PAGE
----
Glen Ridge Borough, New Jersey – Pride and progress

August 9, 2019
Glen Ridge Borough, New Jersey, NJ train stop.

Glen Ridge Borough, New Jersey

Pride and progress


Business View Magazine interviews representatives from Glen Ridge Borough, New Jersey, as part of our focus on best practices of American towns and cities.

Wedged between the nearby suburbs of Montclair and Bloomfield in Essex County, New Jersey, and bordering the city of East Orange to it south, the Borough of Glen Ridge is a 1.5-square-mile slice of territory, about three miles long and no more than six blocks wide. Named after the glen next to the ridge formed by Toney’s Brook, Glen Ridge traces its beginning to 1666, when 64 Connecticut families, led by Robert Treat, bought land from the Lenni Lenape Native Americans and named it New Ark to reflect a covenant to worship freely without persecution.

At the time, the area included the future towns of Bloomfield, Montclair, Belleville, and Nutley. When Bloomfield was established in 1812, Glen Ridge was a section “on the hill” composed mostly of farms and woodlands with the exception of a thriving industrial area along Toney’s Brook in the glen. For most of the nineteenth century, three water-powered mills produced lumber, calico, pasteboard boxes, and brass fittings. A copper mine and a sandstone quarry were nearby.

With the arrival of the Newark and Bloomfield Railroad in 1856 and the construction of the Glen Ridge station and the New York and Greenwood Lake Railway station at today’s Benson Street in 1872, Glen Ridge began its transition to a suburban, residential community, 20 miles from Manhattan. Stately homes slowly replaced orchards and wooded fields. Over time, residents “on the hill” became unhappy with their representation on the Bloomfield Council; in spite of repeated requests to Bloomfield officials, roads remained unpaved, water and sewer systems were nonexistent, and schools were miles away. Area residents marked out the boundaries of a small area, and in 1895, Glen Ridge seceded from the adjoining town.

Borough of Glen Ridge, New Jersey, NJ train tracks short tunnel or bridge.

Today, the Borough of Glen Ridge is, according to Mayor Stuart K. Patrick, a “very attractive and restful type community,” home to approximately 7,600 residents. About 90 percent of the town is located in an historic district, with a preservation commission established in 1987 to conserve and protect its housing stock of vintage Victorian, Georgian, and Edwardian structures. “We still have slate walks, huge sycamores, and a gazebo down in the glen,” says Patrick. In addition, out of approximately 3,000 gas street lamps still in existence in the United States, Glen Ridge is home to 667.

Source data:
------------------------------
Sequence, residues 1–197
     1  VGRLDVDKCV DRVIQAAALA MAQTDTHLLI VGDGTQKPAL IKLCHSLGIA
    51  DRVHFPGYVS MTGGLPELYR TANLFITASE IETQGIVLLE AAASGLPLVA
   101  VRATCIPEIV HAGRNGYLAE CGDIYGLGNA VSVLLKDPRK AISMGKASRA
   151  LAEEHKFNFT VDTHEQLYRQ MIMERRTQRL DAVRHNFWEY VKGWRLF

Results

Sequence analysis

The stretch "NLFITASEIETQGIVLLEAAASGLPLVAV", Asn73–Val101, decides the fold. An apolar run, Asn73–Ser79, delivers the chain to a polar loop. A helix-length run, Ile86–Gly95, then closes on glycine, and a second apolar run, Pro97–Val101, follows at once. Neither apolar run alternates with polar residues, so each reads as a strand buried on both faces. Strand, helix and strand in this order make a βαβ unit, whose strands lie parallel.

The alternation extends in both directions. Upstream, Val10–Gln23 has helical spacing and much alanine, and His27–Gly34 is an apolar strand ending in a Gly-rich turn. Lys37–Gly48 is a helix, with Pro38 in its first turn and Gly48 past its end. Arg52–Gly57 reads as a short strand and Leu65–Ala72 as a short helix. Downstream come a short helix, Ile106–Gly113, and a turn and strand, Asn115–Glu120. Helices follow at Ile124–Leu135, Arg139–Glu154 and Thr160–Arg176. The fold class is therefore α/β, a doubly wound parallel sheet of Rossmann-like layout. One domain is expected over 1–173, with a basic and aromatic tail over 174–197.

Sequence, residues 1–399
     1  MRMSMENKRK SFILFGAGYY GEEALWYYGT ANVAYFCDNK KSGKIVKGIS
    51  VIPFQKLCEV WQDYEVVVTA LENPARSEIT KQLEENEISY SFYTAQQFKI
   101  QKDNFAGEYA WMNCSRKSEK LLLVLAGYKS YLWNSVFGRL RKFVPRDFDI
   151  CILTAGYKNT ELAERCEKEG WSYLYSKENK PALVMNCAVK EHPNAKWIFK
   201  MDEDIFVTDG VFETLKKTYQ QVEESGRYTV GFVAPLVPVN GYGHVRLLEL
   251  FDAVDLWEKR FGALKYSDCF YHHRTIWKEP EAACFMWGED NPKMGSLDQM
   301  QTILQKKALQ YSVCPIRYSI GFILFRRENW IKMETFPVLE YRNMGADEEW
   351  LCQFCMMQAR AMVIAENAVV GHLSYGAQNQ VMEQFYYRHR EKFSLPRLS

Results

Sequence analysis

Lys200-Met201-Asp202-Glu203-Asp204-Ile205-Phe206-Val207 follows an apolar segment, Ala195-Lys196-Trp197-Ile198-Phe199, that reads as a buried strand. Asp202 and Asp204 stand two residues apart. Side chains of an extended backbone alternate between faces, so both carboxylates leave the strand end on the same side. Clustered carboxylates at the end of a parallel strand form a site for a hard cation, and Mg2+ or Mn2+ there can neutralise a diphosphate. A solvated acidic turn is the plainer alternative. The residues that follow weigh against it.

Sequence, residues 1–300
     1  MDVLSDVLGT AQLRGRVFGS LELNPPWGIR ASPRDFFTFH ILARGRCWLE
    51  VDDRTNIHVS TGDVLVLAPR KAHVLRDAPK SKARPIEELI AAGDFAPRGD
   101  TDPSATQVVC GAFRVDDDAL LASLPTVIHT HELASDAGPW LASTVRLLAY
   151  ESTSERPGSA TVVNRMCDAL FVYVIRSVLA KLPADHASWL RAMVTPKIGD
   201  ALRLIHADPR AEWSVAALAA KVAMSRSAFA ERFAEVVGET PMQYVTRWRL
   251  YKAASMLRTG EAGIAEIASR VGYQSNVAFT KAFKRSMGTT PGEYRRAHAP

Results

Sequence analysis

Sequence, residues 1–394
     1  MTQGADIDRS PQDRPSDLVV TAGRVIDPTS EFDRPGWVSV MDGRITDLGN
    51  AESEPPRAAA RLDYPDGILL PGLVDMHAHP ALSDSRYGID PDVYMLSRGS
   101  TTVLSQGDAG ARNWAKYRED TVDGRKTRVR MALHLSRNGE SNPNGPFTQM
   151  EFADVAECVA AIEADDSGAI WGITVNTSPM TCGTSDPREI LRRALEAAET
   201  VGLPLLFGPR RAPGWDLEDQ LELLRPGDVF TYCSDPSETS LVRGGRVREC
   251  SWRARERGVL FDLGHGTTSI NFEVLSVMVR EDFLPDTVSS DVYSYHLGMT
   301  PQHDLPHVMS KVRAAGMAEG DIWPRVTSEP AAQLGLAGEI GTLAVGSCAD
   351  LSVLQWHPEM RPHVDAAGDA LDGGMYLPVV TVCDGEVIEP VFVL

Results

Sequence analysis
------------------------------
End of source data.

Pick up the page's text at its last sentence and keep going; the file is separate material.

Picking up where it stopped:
In 1891, a three-story cottage belonging to Eliza Sheridan was purchased by Margaret Jane Merewether Power and friends to begin her mission of “caring for, curing, and nurturing the sick and injured.” Over the years, the Mountainside Hospital, as it became known, turned into the town’s main employer for generations. In 2007, on the verge of its shutting down, a private company purchased it and, according to Borough Administrator, Michael Rohal, “turned it around.” Renamed the Hackensack Meridian Health Mountainside Medical Center, it has become Glen Ridge’s largest taxpayer, while continuing its role of serving the healthcare needs of the Borough and surrounding communities.

Recently, the hospital grounds have become the site a major redevelopment project, plans of which include a 45,000-sq.-ft. medical office building and the razing of an obsolete school of nursing. “One of the surveys that the hospital performed showed there was a lack of family practitioners and internists in the area,” Rohal explains. “The hospital will employ approximately 20 internists/family practitioners to work in the facility.” Construction has begun with a project completion date of this coming November.

A second ongoing development project on the town’s agenda is a new apartment complex now under construction by JMF Properties. Located on Baldwin Avenue, just a short walk from downtown Montclair and steps from NJ TRANSIT’s Bay Street train station, Clarus Glen Ridge will deliver 110 modern rental residences and upscale amenities to the local market. The community is designed to offer an ultra-luxury lifestyle experience that incorporates the benefits of both urban and suburban living.

Borough of Glen Ridge, New Jersey, NJ Police Headquarters

Residents of Clarus Glen Ridge will have access to a full-complement of amenities, including a state-of-the-art wellness center with fitness room and yoga/spin room with virtual fitness, lobby lounge, social lounge, billiards room, library, business center, package room, bike storage, second floor residents’ lounge, and a theater. Outside, a landscaped courtyard will include multiple seating areas, a game area, al fresco dining areas, grills, and a fire pit. Clarus Glen Ridge will be a pet-friendly community, and dog owners will appreciate the on-site bark park. Plenty of covered, secure garage parking will be available thanks to the 220-space garage that is already completed.